Committee Approves Legislative Response to Ongoing NLRB Legal Crisis
WASHINGTON, D.C., March 20, 2013
The House Committee on Education and the Workforce, chaired by Rep. John Kline (R-MN), today approved legislation requiring the National Labor Relations Board (NLRB) to cease all activity requiring a three member quorum until the legal crisis surrounding the board is appropriately resolved. Introduced by Subcommittee on Health, Employment, Labor, and Pensions Chairman Phil Roe (R-TN), the Preventing Greater Uncertainty in Labor-Management Relations Act (H.R. 1120) was approved by a vote of 23 to 15.
“Last year’s unprecedented recess appointment scheme has rendered the board dysfunctional,” said Chairman Kline. “The best way to avoid further damage is for the president to work with the Senate to confirm a full slate of qualified nominees. In the meantime, Congress must take action to prevent a bad situation from becoming much worse. H.R. 1120 is an appropriate congressional response that will help ensure America’s workplaces aren’t forced to confront even more uncertainty.”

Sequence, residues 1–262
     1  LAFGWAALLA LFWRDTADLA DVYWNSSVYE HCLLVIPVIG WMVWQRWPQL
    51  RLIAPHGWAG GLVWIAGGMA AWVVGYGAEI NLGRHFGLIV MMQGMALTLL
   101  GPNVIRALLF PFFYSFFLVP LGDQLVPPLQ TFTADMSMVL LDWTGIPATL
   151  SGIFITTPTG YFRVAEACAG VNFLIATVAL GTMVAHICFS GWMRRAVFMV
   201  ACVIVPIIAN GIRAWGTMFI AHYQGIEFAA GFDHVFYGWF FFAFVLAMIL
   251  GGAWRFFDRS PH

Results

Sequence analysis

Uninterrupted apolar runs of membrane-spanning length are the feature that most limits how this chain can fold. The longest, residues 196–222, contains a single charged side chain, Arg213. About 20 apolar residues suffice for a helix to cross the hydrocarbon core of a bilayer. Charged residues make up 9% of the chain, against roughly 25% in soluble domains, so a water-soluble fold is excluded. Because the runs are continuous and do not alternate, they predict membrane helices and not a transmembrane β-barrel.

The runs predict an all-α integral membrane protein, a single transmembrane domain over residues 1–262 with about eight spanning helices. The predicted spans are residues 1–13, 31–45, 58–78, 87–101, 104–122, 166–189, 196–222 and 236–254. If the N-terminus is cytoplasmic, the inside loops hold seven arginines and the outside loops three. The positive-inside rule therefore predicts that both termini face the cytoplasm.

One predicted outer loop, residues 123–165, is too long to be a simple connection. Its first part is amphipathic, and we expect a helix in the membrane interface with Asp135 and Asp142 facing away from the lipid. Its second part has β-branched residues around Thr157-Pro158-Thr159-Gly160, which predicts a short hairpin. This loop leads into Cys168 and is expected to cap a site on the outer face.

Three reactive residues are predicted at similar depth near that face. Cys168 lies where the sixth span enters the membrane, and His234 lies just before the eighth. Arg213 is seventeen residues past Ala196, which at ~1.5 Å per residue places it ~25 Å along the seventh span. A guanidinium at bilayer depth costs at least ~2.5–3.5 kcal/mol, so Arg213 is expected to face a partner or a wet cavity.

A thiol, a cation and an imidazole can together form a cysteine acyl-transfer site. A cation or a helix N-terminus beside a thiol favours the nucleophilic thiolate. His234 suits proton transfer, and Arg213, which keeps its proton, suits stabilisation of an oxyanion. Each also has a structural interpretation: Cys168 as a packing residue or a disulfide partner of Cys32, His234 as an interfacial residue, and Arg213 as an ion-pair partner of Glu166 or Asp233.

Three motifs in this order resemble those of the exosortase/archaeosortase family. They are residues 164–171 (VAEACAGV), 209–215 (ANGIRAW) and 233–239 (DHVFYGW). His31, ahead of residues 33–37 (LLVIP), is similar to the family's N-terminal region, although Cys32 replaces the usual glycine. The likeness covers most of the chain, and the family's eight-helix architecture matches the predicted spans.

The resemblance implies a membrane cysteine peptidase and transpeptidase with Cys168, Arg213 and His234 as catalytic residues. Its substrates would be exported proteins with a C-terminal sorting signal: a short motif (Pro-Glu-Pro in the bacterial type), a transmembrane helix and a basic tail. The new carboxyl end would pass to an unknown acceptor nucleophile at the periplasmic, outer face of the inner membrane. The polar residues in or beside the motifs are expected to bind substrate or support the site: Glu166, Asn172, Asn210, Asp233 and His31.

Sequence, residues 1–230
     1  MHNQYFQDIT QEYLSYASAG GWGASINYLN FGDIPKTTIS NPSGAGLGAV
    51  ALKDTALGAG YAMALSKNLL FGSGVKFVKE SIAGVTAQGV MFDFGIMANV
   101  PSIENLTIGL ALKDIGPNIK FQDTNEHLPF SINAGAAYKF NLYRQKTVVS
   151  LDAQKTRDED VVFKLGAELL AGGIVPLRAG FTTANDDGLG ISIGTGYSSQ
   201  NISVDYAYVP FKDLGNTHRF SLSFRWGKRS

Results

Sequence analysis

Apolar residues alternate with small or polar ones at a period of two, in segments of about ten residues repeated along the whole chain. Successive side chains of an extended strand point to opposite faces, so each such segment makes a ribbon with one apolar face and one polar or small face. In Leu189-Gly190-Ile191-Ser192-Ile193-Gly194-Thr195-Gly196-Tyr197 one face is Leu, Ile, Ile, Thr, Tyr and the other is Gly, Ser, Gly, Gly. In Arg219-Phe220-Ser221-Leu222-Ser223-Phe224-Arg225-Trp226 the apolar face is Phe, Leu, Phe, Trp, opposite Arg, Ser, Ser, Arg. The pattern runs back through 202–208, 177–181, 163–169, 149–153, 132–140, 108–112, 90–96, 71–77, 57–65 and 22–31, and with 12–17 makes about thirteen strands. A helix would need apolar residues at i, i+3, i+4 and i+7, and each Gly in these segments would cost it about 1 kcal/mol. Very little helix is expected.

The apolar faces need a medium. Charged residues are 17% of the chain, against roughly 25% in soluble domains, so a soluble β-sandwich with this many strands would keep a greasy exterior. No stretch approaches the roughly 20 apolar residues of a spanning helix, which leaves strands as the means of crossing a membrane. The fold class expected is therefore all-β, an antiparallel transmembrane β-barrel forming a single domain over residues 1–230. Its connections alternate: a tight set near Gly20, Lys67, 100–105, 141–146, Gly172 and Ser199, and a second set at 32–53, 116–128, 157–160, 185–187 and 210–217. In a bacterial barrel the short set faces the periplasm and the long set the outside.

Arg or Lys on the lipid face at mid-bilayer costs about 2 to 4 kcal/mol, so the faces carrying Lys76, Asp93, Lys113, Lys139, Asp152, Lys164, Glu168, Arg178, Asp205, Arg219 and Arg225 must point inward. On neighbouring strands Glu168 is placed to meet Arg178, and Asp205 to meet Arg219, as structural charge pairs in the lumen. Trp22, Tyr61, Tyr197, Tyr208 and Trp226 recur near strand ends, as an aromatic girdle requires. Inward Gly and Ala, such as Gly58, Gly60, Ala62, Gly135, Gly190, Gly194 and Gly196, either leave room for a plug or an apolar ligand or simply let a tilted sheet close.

“Every decision issued by the current board is ripe for legal challenge on the basis the board itself is not legitimate,” said Rep. Roe. “Workers, employers, and unions rely upon the board to ensure their rights are protected. Unfortunately, everyone is now stuck in a state of legal limbo. A board decision provides little comfort when the board is not recognized as constitutionally valid in a significant federal appeals court. Congress cannot stand by and allow this legal chaos to grow and my legislation ensures we don’t have to.”
In January 2012 President Obama installed three so-called recess appointments to the National Labor Relations Board while Congress was not in recess. The U.S. Court of Appeals for the District of Columbia recently ruled these appointments unconstitutional. In the wake of the court decision, legal uncertainty surrounding the board has increased. Unions and employers cite the court decision in their efforts to void or block board rulings. The AFL-CIO stated the ruling has “seriously undermined enforcement of the law.”
As approved by the committee, H.R. 1120 will:
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